A Kiwi missionary’s adventures in war-torn China

by Julia Millen / 06 January, 2018
When Carterton-born Agnes (Nessie) Moncrieff graduated from Victoria University College with an MA in Latin and French in 1921, teaching was almost the only occupation, apart from marriage, for an educated woman.

Luckily for her, life took a dramatic turn when she became New Zealand travelling secretary and delegate to the 11th World Student Christian Federation Conference in Peking, “Under Heaven One Family”. One visit to China was not nearly enough. Keen to return, but not as a missionary, she got the chance at age 31 when the Young Women’s Christian Association (YWCA) of New Zealand appointed her as an administrator within the YWCA of China.

In 1930, after a year’s training, including Chinese language study, she was put in charge of 70 girls – “a wild crowd’’ – in a Peking students’ hostel.

Barbara Francis has now transcribed and compiled this collection from Moncrieff’s private letters and monthly reports to the New Zealand YWCA covering 15 years (with annual home leave) of paid service in war-torn China.

As well as covering daily life, the letters show her astute awareness of such matters as overpopulation, Chinese military officials (‘‘a corrupt group’’), the Second Sino-Japanese War and British-China relations.

‘‘Perhaps one reason why Britain does not care to interfere on China’s behalf now is because the condemnation of Japan’s method would be condemnation of her own method of 1840 and 1860.’’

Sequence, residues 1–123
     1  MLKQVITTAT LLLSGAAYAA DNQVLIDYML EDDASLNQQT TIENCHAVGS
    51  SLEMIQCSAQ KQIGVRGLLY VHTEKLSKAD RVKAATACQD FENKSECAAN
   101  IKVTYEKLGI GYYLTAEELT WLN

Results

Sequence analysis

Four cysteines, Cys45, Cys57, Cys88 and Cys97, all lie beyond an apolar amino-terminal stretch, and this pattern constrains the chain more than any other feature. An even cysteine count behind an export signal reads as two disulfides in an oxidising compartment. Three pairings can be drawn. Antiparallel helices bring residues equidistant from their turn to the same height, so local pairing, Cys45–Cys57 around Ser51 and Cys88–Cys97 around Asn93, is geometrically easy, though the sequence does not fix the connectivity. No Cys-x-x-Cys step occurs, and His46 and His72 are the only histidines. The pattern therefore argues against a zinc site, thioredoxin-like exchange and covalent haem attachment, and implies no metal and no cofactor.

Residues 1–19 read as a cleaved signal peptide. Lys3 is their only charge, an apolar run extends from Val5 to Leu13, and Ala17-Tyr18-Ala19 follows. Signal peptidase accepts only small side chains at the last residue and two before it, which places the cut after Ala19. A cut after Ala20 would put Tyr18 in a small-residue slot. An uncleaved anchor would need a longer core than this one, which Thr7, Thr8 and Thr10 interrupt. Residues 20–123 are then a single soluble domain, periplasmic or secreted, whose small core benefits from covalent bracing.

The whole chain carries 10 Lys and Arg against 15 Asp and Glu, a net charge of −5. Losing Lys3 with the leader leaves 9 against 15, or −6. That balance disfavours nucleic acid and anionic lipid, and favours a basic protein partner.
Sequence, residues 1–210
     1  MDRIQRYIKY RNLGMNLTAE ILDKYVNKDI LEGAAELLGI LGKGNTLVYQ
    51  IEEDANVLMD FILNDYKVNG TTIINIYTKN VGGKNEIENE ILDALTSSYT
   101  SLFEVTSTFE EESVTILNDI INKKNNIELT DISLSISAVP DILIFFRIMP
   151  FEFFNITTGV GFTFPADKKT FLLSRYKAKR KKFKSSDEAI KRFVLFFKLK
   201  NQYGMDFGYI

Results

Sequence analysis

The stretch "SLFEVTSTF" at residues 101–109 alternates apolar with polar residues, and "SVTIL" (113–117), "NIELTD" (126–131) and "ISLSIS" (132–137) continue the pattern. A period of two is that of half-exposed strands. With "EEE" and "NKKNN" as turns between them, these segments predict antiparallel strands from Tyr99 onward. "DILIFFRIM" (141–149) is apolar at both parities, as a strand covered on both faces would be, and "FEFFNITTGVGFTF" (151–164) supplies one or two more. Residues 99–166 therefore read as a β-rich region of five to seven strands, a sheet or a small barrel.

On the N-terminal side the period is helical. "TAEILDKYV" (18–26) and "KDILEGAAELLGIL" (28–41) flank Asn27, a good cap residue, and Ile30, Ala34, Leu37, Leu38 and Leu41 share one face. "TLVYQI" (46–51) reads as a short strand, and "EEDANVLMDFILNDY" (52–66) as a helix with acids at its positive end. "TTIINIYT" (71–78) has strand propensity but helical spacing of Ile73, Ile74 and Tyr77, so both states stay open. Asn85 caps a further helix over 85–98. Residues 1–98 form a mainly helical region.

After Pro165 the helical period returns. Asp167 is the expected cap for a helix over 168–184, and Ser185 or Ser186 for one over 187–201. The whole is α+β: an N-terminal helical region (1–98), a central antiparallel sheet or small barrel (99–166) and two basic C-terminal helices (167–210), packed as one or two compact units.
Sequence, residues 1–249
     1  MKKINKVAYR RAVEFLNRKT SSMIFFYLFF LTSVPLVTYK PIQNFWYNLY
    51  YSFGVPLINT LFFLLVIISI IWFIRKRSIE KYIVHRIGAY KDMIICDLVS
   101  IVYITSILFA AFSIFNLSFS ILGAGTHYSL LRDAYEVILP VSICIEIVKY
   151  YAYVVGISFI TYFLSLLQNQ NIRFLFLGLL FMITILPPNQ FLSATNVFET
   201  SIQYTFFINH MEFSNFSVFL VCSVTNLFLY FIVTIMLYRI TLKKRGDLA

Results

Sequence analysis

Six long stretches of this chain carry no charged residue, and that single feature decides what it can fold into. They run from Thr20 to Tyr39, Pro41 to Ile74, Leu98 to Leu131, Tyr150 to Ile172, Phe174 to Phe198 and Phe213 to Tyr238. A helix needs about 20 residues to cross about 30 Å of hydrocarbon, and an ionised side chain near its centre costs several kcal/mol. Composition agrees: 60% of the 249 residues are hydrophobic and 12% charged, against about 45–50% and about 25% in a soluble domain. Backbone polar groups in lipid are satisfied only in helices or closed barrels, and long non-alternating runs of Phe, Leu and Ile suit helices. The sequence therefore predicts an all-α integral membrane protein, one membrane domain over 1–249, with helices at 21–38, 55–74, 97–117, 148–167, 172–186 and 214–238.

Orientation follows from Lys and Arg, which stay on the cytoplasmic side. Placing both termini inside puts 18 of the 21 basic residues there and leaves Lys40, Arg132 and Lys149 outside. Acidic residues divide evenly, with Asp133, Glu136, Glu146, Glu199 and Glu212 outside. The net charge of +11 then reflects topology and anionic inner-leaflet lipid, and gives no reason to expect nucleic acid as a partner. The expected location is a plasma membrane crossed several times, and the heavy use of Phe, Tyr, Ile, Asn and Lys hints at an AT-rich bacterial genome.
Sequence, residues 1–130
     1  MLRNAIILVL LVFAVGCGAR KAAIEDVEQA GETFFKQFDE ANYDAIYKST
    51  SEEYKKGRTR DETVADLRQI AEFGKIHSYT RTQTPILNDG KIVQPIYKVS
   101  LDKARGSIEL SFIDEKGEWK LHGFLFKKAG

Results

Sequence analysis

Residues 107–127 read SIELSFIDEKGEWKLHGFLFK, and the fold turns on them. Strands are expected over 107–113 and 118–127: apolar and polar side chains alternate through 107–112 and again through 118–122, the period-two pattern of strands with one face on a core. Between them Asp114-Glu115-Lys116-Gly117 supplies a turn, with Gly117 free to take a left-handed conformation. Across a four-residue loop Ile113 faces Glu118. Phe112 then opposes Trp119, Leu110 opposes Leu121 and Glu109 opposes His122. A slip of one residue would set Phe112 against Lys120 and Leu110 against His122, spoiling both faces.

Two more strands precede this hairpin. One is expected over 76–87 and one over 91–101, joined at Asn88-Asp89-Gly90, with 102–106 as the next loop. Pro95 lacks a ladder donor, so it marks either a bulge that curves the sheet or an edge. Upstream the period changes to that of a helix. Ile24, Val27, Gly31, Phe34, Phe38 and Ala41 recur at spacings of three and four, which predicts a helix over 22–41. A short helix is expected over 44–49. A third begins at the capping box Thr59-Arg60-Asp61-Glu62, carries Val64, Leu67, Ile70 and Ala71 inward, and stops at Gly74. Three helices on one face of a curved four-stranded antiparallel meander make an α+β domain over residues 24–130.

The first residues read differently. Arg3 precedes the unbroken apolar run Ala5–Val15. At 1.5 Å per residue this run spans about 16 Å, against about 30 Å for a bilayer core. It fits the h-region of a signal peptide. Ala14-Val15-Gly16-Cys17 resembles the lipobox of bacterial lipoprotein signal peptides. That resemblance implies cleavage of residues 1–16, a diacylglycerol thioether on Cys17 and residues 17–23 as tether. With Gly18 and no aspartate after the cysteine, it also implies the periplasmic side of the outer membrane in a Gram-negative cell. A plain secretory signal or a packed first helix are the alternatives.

On the position of women she writes: “For a girl with no resources, no training and youth as almost her only asset, the way to dance halls and brothels is tragically easy.”

In 1944, Moncrieff reported that the Macau Canton YWCA was feeding 1000-2000 destitute people every day. Her 1941 account of an epic six-week journey by truck along the route that became the Burma Road, 3862km from Rangoon to Chengdu, includes fascinating detail, but because it was rewritten for publication, it lacks the freshness of her letters. Photographs and two maps help enhance the narrative.

You Do Not Travel in China at the Full Moon: Agnes Moncrieff’s Letters from China 1930-1945, edited by Barbara Francis (Victoria University Press, $50)

This article was first published in the October 28, 2017 issue of the New Zealand Listener.

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